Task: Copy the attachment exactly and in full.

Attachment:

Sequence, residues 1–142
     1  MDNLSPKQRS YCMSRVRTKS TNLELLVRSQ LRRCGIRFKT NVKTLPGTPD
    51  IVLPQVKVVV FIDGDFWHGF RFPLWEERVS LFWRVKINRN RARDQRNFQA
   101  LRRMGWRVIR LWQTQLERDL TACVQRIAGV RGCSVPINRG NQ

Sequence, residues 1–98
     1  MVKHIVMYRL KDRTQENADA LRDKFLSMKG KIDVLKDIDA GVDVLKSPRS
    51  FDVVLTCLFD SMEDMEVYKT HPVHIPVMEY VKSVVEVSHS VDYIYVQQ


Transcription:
Sequence, residues 1–142
     1  MDNLSPKQRS YCMSRVRTKS TNLELLVRSQ LRRCGIRFKT NVKTLPGTPD
    51  IVLPQVKVVV FIDGDFWHGF RFPLWEERVS LFWRVKINRN RARDQRNFQA
   101  LRRMGWRVIR LWQTQLERDL TACVQRIAGV RGCSVPINRG NQ

Sequence, residues 1–98
     1  MVKHIVMYRL KDRTQENADA LRDKFLSMKG KIDVLKDIDA GVDVLKSPRS
    51  FDVVLTCLFD SMEDMEVYKT HPVHIPVMEY VKSVVEVSHS VDYIYVQQ